Black Lives Matter activist DeRay Mckesson has announced he will run for mayor of Baltimore.  He joins 12 candidates in the Democratic primary seeking to replace Mayor Stephanie Rawlings-Blake.  Mayor Stephanie Rawlings-Blake was criticized for her handling of the unrest that followed the death of Freddie Gary.  She is not running for re-election.

Mckesson is one of the nation’s most high-profile Black Lives Matter activists.  His activism over the last year and a half has thrust him into the spotlight as a political force in the national Black Lives Matter movement.  The 30 year old Baltimore native rose to prominence in the movement that started in August 2014 after the police killing of Mike Brown.  His entry is a step into the mainstream for a national movement that has been criticized for a lack of organized structure and tactics. His candidacy is sure to jolt the political and protest communities at a time when activists have eschewed traditional politics and sought to work outside the system.

In a statement, Mr. Mckesson said that he was running to challenge the normal order of governing in the city. “We cannot rely on traditional pathways to politics and the traditional politicians who walk that path,”  “We have to challenge the practices that have not and will not lead to transformation.”

He left his job as an administrator in the Minneapolis Public School System to move to the St. Louis area to work as a full-time activist. He then traveled around the country, turning to Twitter to chronicle protests against racial injustice.  He has since returned to his hometown of Baltimore.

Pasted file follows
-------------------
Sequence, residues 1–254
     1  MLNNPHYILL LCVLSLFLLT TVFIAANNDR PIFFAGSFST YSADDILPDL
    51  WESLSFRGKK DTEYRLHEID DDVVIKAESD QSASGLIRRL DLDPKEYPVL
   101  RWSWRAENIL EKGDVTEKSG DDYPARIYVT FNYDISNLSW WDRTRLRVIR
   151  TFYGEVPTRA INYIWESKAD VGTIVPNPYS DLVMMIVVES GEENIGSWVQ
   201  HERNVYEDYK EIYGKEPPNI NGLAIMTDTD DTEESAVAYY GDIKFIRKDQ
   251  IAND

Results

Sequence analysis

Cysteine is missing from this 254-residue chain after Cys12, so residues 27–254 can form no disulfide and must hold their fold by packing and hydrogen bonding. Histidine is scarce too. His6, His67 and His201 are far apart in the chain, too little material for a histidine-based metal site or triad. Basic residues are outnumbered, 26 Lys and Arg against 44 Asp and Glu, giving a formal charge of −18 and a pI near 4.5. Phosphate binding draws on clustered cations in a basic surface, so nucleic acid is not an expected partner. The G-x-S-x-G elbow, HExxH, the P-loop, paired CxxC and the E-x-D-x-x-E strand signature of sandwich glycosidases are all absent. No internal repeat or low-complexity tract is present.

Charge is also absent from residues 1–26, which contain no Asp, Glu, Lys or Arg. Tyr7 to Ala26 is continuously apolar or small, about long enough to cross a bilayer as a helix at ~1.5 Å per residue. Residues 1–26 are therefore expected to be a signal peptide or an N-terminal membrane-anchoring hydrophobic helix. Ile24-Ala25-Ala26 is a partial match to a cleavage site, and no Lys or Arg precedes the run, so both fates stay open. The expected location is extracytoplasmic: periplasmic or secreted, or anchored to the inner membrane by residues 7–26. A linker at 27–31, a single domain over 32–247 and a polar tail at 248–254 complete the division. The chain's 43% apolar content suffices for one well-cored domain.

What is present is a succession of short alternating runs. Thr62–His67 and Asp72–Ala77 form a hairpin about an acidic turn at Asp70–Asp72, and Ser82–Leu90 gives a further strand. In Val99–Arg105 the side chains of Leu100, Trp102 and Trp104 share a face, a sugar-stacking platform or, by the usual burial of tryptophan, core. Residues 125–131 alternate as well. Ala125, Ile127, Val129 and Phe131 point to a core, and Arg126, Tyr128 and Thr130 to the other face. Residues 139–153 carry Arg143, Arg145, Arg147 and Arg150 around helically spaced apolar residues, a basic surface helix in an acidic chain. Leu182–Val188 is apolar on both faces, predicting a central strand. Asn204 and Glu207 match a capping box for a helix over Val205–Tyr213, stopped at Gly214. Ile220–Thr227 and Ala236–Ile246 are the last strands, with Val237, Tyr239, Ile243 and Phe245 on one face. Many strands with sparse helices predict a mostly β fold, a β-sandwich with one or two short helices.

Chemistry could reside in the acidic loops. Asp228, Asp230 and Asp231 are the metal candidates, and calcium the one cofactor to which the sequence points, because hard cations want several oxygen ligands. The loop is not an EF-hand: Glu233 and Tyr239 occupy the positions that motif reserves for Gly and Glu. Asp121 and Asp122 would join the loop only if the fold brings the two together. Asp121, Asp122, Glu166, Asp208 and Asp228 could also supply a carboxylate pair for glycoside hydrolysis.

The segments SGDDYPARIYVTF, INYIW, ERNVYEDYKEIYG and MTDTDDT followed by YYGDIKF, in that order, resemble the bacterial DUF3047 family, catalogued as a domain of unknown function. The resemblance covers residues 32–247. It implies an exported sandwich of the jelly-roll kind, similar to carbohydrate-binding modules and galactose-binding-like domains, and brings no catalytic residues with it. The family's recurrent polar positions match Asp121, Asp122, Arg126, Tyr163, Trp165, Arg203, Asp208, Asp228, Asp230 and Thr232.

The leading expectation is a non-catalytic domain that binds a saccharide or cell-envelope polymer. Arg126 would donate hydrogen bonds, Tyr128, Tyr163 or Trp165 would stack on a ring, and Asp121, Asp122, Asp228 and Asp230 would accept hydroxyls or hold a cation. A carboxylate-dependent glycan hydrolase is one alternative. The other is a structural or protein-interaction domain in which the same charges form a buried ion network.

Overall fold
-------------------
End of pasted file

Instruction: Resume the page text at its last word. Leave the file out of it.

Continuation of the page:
Many believe he will have an uphill climb as he joins the race relatively late.  He will go up against a dozen candidates that include Nick J. Mosby, a city councilman and husband of the prosecutor who is trying six police officers in the death of a young black Baltimore man last year, and Sheila Dixon, the former mayor who remains popular even though she left office after a conviction on fraud charges.

Mckesson’s supporters herald him for helping shed light on national issues of police abuse and misconduct. His detractors, however, tag him as an antipolice anarchist whose comments helped foster spasms of protest violence in cities across the country where blacks have died at the hands of law enforcement.  Mr. Mckesson also has critics within the movement  who believe that he is too comfortable with the establishment because he has met with both Senator Bernie Sanders and Hillary Clinton as well as Valerie Jarrett (one of President Obama’s top advisers).  They claim he is too much of a celebrity.

Others take it as a sign that the Black Lives Matter movement is taking a step in a new direction.  Elbert Walton, 73, a civil rights activist and political insider in St. Louis said “New activists jumping into the electoral fray would be a positive sign, because it would mean that they understood that their problem was a government problem and that they had to take control of government.